Quicken Online is free personal financial software offered by Intuit, the makers of TurboTax and QuickBooks (and also my employer). There are no strings attached and no paid versions. So what’s the catch? Although I am not involved in the Quicken Online business at Intuit, it’s safe to say that Quicken sees adoption of its free product as a way to bring people into Intuit’s family of products. By offering a great user experience at no charge, it’s certainly possible that people will feel a sense of obligation to at least explore (and possibly pay for) other Intuit products when presented with an appropriate offer at the right time.


FreshBooks is a Canadian start-up that offers online billing and invoicing services to freelancers and small businesses. There are five fee-based monthly subscriptions and one free plan. If you have fewer than four customers (as a small business), the free plan will accomplish all your needs, but as your customer base expands, you’ll require the paid plans. So there is no need for FreshBooks to upsell customers because the adoption of paid products should happen organically. Even so, there is an element of reciprocity at work on FreshBooks. The company explicitly requests that you share your experience with friends (and other small businesses) if you like their product. And if a great experience is offered for free, it’s likely that many people will follow through.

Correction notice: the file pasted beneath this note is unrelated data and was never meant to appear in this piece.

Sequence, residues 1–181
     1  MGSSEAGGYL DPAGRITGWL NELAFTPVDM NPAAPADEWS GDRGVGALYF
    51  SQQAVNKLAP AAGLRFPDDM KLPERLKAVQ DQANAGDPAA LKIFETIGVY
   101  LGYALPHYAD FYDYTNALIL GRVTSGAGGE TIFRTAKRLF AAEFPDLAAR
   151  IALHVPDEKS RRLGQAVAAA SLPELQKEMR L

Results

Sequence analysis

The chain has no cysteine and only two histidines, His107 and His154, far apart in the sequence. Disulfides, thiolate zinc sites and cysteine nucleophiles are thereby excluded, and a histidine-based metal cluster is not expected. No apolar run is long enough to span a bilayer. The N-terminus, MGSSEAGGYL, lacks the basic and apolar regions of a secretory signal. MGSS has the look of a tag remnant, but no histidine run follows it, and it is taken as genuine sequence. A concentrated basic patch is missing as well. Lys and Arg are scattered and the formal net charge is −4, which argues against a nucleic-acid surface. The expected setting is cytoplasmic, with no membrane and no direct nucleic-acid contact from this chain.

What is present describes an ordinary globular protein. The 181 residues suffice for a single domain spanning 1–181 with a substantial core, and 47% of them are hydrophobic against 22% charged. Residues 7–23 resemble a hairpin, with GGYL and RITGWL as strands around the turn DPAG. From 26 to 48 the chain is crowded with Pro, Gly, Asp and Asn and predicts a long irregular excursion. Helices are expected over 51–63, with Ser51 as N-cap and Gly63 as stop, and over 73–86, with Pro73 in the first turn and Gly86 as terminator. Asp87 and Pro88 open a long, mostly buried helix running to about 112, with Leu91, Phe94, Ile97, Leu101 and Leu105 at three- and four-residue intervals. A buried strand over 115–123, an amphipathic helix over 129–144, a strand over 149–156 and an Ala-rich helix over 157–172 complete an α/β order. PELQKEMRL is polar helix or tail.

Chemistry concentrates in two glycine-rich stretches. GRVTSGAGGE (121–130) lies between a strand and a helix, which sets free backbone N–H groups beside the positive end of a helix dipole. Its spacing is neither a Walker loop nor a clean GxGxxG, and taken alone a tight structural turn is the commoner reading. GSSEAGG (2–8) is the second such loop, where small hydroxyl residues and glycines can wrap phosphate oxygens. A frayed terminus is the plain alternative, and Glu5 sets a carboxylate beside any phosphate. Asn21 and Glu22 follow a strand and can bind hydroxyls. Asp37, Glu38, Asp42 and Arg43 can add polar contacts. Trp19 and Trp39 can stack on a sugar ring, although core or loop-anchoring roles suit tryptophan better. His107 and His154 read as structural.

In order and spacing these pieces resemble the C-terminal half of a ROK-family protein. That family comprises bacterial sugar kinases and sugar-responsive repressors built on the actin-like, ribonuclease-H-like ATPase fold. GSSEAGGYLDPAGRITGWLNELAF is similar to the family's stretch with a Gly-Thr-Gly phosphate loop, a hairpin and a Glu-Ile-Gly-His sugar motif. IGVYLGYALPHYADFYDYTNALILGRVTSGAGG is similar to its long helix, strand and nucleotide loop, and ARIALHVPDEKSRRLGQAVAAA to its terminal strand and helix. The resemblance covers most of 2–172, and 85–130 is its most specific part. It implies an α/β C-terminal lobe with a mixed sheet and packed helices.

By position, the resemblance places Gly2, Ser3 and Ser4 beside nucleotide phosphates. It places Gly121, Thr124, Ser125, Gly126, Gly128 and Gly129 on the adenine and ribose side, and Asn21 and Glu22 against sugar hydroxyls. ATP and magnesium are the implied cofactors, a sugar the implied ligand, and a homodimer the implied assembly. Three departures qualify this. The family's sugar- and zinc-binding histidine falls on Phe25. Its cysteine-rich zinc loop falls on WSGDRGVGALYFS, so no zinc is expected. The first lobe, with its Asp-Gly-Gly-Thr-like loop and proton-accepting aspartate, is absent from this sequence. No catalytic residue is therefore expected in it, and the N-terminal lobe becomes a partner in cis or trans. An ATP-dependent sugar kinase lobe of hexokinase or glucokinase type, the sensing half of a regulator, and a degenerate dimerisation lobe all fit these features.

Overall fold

mint offers free personal financial management software on the Web. Positive reviews by the media and consumer word-of-mouth have generated double-digit growth rates since its launch. With a completely free product, how does the company make money? Well, once you set up an account, Mint assesses your financial picture and presents you with offers from participating financial institutions:

“We give you personalized ideas on how to save money by presenting the greatest savings from among thousands of financial products. If you decide to make a change that saves you some cash, we sometimes earn a small fee from the bank or company you switch to. You save a lot; we make a little.”

So Mint has attempted to create a user experience that keeps you coming back. And with each visit, they have an opportunity to present you with another offer. Now it’s unlikely that you’re going to blindly accept a savings account, credit card, or loan offer because you feel obligated to the provider of free online software (i.e., a person’s decision to accept is likely going to be based on the quality of the offer), but the reciprocity principle suggests that you’re more open to receiving offers. It’s a favour (being open to Mint’s offers) for a favour (free useful software).


If the example seems like a plausible example of reciprocity, then could reciprocity also be a factor in Google’s success? Sure, Google has created a search engine based on ease, speed, and relevance, but it’s also counting on search users clicking on paid advertisements to generate revenue. It’s clear that people will continue to use Google because of its user experience, but I’d like to suggest that users are also open to being presented with and reading paid ads due to reciprocity. Google provides a great online experience at no charge, and people are happy to reciprocate by looking at marketing messages.

If you want to make the principle of reciprocity work for your business, remember to give first. And whether you choose to give away your time, valuable advice, a whitepaper, or free software, the potential to persuade increases just the same. To improve your chances to convert, create a sense of obligation in your customers’ minds and don’t be afraid to ask for something in return.